In any case, I guess I still don’t see what your larger or original point was. Your #6 was in response to my #5, but I didn’t get whether and where there was a particular point you disagreed with me on. (Apart from whether “troll” and “trawl”, in fishing senses, are similar or the same.)

    In particular, are we in agreement that the “Internet provocative posting behavior” sense of “troll” [that is, M-W’s sense 2a] can be seen to have semantic association with the fishing sense of “troll”?

    And, for some people’s memories, likely originated from that — via “fishing for responses”?

    But for some other people, synchronically is more closely related to the mythological sense of “troll” [M-W’s noun entry] ? And may seem to those people to have arisen from that?

    And that those sets of people may end up disagreeing on the origin? “It comes from the fishing term!” / “No, it comes from the mythology!” Working from their own experience, which is a reasonable starting place of course.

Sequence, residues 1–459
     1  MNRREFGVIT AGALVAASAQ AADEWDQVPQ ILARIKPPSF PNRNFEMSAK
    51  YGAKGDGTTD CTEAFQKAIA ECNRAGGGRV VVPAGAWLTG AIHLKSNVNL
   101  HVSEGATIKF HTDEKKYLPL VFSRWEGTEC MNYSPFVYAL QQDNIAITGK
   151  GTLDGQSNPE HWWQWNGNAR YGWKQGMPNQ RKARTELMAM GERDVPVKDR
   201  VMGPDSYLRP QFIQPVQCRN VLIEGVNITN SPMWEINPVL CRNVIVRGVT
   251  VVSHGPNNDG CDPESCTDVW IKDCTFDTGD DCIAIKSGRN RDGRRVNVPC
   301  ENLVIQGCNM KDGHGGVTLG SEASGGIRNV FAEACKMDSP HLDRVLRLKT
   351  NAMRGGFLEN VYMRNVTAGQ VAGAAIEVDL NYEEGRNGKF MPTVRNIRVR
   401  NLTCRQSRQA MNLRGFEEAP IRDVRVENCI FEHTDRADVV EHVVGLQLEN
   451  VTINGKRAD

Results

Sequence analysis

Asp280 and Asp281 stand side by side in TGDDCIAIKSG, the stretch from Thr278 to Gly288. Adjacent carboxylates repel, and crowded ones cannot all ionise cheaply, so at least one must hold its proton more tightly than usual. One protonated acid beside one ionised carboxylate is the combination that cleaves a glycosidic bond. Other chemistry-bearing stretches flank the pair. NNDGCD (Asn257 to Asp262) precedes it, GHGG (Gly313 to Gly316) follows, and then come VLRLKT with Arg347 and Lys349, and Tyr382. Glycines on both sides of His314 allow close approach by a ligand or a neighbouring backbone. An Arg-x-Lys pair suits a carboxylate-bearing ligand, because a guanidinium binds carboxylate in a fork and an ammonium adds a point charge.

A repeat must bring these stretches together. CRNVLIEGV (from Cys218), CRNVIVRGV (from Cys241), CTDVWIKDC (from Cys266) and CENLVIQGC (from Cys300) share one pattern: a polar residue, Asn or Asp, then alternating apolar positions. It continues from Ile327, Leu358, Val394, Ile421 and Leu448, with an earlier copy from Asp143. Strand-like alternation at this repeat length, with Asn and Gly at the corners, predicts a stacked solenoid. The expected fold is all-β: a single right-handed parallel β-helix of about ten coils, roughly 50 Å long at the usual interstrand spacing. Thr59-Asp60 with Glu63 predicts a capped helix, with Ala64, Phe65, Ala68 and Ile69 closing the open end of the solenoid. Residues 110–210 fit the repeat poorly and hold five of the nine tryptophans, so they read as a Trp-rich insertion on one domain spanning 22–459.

Those were my points in #5. If you’re not contesting those, what are we disagreeing about? Is any of that affected by bringing up “trawl”?

  11. Ted from Ft. Laud Aug 19th 2017 at 02:26 pm 11

    Well, the Merriam-Webster editors probably aren’t fishermen, and go with a very abbreviated definition there, and even so, mention use of a trawl.

    Oxford goes into more detail here, talking mostly about those words as used for “search”, but giving background.

    If you really care about the fishing aspects, the Wikipedia articles on trawling and trolling go into the details, and each article mentions/contrasts the other method.

    You can pass that on the Merriam-Webster if you care…

  12. James Pollock Aug 19th 2017 at 02:29 pm 12

    “what are we disagreeing about?”
    I paid for the full half-hour.

  13. mitch4 Aug 19th 2017 at 02:41 pm 13

    Thanks for the Oxford link, Ted. I was particularly happy to see this (somewhat afterthought) remark, which appears to take for granted the origin of the Internet villain sense from the fishing sense: